To Kill a Mockingbird: An African American Perspective
Thursday, December 13
6:30 pm - 8:00 pm
Location: Shorewood Village Center
In this presentation, Reggie Jackson will take an alternative look at Harper Lee's classic book To Kill A Mockingbird by utilizing a different lens. He will explore the African American response to the book in 1960 as well as responses to the book in contemporary times. By using history, Reggie will explore three separate time periods: 1935, 1960 and today. By using a historical perspective, Reggie will also dig into the main characters and the roles that they played in the book. Many say that the book is a good tool to explore issues of race. We will examine that view by asking pertinent questions about the depth of characters, the use of racial epithets used throughout the book, and the consequences of the way the book ends.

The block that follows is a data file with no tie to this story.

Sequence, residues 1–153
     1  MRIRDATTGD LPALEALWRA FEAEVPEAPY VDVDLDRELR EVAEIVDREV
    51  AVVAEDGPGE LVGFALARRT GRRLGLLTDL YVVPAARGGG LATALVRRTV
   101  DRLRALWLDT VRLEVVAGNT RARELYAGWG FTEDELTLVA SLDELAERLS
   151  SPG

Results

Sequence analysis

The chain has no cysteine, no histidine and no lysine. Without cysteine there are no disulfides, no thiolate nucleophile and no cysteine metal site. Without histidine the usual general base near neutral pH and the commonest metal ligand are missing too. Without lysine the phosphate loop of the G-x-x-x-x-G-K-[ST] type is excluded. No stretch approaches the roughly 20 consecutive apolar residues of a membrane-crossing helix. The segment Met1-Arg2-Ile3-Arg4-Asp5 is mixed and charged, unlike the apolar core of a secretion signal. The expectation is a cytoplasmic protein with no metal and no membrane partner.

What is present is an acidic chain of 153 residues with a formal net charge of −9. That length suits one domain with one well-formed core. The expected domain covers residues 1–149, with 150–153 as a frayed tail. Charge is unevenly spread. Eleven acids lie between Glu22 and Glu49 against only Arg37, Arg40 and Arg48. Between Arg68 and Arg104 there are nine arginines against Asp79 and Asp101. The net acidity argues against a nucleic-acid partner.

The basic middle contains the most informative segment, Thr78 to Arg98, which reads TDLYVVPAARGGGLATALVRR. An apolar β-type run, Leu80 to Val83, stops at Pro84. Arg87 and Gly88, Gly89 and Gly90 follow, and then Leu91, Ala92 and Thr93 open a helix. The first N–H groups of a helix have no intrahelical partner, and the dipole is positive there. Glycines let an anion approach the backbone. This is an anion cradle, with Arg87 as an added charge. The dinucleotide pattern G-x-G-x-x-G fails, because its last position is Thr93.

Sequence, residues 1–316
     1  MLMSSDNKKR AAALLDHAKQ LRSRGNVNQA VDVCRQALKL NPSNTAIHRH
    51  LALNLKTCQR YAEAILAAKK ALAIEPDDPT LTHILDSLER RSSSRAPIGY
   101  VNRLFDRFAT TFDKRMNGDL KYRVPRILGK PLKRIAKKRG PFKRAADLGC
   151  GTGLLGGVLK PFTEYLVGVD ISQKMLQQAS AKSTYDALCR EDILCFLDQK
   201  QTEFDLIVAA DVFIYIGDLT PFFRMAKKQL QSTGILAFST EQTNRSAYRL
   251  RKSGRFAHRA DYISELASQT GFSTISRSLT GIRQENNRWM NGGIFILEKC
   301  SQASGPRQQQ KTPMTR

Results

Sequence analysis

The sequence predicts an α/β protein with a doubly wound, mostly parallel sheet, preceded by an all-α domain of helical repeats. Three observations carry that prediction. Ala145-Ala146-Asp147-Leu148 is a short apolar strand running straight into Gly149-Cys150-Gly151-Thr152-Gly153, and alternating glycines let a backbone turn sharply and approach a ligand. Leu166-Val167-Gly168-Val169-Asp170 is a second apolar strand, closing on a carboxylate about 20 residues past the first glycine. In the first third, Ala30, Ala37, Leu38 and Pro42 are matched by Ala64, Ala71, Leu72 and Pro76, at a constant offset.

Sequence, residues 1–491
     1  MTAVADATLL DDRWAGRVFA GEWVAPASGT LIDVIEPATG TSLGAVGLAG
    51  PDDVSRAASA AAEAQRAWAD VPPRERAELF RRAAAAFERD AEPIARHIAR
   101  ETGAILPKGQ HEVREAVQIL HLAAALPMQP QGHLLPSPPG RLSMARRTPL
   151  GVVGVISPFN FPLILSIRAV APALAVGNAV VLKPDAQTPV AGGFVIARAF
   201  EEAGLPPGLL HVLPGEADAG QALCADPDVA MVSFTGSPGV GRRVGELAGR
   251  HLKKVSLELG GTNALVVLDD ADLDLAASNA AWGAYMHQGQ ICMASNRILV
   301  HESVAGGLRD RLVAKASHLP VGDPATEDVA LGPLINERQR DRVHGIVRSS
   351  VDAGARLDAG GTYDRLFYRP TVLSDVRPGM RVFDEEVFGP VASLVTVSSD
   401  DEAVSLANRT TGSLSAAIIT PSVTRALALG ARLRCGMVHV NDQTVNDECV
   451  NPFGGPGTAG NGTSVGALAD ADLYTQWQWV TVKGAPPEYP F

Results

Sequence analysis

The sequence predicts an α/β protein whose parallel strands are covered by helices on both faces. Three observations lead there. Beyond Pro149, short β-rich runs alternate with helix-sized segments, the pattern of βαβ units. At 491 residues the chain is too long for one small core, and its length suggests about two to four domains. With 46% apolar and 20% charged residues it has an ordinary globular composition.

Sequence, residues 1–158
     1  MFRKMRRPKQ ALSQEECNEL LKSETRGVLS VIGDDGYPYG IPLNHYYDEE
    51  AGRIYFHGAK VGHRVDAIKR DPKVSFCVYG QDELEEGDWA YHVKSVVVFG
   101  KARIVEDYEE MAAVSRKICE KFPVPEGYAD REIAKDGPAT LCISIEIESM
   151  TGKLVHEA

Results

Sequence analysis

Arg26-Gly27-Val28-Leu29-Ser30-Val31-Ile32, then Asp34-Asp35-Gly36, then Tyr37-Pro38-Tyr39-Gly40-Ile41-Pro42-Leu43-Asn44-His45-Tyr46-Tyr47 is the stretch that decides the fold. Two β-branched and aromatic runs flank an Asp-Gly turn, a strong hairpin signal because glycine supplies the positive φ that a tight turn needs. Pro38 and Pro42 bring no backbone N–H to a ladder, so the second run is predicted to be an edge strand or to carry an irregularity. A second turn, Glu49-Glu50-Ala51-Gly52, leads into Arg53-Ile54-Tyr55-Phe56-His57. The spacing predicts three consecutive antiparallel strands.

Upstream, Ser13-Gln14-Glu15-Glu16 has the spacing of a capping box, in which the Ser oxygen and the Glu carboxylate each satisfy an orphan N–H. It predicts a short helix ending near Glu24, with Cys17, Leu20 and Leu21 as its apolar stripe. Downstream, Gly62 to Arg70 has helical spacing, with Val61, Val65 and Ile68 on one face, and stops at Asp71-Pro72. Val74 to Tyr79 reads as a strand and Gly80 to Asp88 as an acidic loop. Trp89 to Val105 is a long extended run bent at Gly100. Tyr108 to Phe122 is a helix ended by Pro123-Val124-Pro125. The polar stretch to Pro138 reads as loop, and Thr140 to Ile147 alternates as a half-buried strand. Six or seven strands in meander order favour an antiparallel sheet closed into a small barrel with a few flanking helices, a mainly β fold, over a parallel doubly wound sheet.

ABOUT REGGIE JACKSON
Reggie Jackson is a regional and national speaker, researcher, and writer. His work helps institutions and individuals understand how our country’s racial hierarchy developed historically, its impact on our lives today, and how we can realize America’s promise for all citizens. To do this, Reggie shares seldom-told stories and data about the experiences of African Americans and other peoples of color past and present. Reggie also serves as Head Griot (docent) for America's Black Holocaust Museum. He writes and provides background on current racial issues to regional, national, and international media.